Japan Geoscience Union Meeting 2018

Presentation information

[EJ] Oral

S (Solid Earth Sciences) » S-GD Geodesy

[S-GD02] Geodesy General Contributions & Global Geodetic Observing System

Wed. May 23, 2018 3:30 PM - 5:00 PM A09 (Tokyo Bay Makuhari Hall)

convener:Koji Matsuo(Geospatial Information Authority of Japan), Yusuke Yokota(Japan Coast Guard, Hydrographic and oceanographic department), Takahiro Wakasugi(国土交通省国土地理院), Chairperson:Otsubo Toshimichi(Hitotsubashi University), Abe Satoshi(Geospatial Information Authority of Japan)

4:45 PM - 5:00 PM

[SGD02-12] Design and operation of a 1.5-km laser strainmeter installed in the KAGRA underground site (III)

*Akito Araya1, Akiteru Takamori1, Wataru Morii2, Miyo Kouseki3, Masatake Ohashi3 (1.Earthquake Research Institute, University of Tokyo, 2.Disaster Prevention Research Institute, Kyoto University, 3.Institute for Cosmic Ray Research, University of Tokyo)

Keywords:strainmeter, laser, crustal deformation, KAGRA, Kamioka

Ground motion have been monitored by various instruments, such as a seismometer, GNSS, SAR, and VLBI over very wide ranges in amplitudes and frequencies. A strainmeter is one of such instruments measuring deformation of the ground by sensing distance between two separated points, and capable of detecting small strain changes at low frequencies. By using a highly stabilized laser wavelength as a reference in the distance measurement [1], instead of using a mechanical reference [2], excellent performances are expected to be obtained. Apart from instrumental detectability, noise sources, such as local disturbances, stability of coupling to the ground, and susceptibility to surrounding environment, need to be evaluated as a geophysical observation equipment.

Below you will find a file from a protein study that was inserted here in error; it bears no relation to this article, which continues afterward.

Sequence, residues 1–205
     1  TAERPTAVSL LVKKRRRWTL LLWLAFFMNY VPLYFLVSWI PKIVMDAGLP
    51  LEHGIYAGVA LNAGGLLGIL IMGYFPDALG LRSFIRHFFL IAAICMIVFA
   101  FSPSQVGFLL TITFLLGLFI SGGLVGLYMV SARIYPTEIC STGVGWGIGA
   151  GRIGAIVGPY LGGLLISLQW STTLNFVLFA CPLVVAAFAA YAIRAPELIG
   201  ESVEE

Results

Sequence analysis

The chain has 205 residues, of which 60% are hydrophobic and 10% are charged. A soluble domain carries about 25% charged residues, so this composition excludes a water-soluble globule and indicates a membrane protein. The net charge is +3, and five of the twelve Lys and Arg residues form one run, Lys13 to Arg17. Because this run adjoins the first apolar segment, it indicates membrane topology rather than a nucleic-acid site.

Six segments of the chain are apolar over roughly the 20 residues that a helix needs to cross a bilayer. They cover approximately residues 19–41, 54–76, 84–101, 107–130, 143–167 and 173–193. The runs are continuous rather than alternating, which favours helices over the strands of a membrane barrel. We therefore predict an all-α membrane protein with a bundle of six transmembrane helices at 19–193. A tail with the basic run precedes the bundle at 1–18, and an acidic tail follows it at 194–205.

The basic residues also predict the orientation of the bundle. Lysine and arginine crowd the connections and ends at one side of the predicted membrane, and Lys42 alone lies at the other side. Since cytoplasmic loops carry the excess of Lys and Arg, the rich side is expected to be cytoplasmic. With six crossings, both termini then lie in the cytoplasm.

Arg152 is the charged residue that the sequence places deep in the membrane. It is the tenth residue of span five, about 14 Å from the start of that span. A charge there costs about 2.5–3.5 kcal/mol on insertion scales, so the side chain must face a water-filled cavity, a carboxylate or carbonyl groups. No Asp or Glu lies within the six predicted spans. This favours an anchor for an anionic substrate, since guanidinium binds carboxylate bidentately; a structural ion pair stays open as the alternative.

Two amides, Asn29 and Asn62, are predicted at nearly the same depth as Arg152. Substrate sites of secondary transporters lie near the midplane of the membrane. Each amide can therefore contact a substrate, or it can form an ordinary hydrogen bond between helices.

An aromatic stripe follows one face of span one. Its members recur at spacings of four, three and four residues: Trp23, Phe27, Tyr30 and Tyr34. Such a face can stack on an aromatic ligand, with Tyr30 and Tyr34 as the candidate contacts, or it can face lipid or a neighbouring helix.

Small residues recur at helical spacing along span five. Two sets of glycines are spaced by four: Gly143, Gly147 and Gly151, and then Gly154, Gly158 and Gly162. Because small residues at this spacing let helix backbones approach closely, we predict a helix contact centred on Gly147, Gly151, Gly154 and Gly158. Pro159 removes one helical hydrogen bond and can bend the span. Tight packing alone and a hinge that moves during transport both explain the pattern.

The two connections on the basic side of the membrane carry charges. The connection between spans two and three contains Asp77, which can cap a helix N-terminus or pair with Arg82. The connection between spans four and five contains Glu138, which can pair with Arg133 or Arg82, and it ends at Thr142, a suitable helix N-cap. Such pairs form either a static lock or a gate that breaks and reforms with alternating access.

In 2016, a new laser strainmeter with a 1.5-km baseline was constructed at an underground site and started test observation. The site is a part of KAGRA gravitational wave detector [3, 4] in Kamioka. The strainmeter clearly detected earth tides with a slight amplitude reduction due to the topographic effect, seismic waves from local and distant earthquakes [5], and coseismic strain steps associated with generation of seismic faults by earthquakes [6].

For long-term strain changes, 1.5-km data showed smaller strain changes than that of existing 100-m laser strainmeter [7], however more data are needed to draw a definitive conclusion. In the presentation, we discuss detectability of the 1.5-km laser strainmeter especially for long-term strain changes and prospect for monitoring crustal dynamics using the long-baseline strainmeter.

[1] V. Vali, R. S. Krogstad, and R. W. Moss, Laser interferometer for earth strain measurements, Rev. Sci. Instrum., 36, 1352, 1965.

[2] H. Benioff, Fuzed quartz extensometer for secular, tidal, and seismic strains, Geol. Soc. Am. Bull., 70, 1019-1032, 1959.

[3] Y. Aso et al, Interferometer design of the KAGRA gravitational wave detector, Phys. Rev. D, 88, 043007, 2013.

[4] T. Akutsu, M. Ando, S. Araki, A. Araya, T. Arima et al., Construction of KAGRA: an underground gravitational-wave observatory, Prog. Theor. Exp. Phys., 013F01, 2018.

[5] A. Araya, A. Takamori, W. Morii, K. Miyo, M. Ohashi, K. Hayama, T. Uchiyama, S. Miyoki, and Y. Saito, Design and operation of a 1500-m laser strainmeter installed at an underground site in Kamioka, Japan, Earth, Planets and Space, 69:77, 2017.

[6] A. Araya, A. Takamori, W. Morii, K. Miyo, and M. Ohashi, Long-baseline laser strainmeter constructed at the underground KAGRA site in Kamioka as a new tool for monitoring crustal dynamics, IAG-IASPEI 2017, Kobe, 2017.8.1, G04-3-01.

[7] A. Araya et al., Broadband observation with laser strainmeters and a strategy for high resolution long-term strain observation based on quantum standard, J. Geod. Soc. Japan, 53, 81-97, 2007.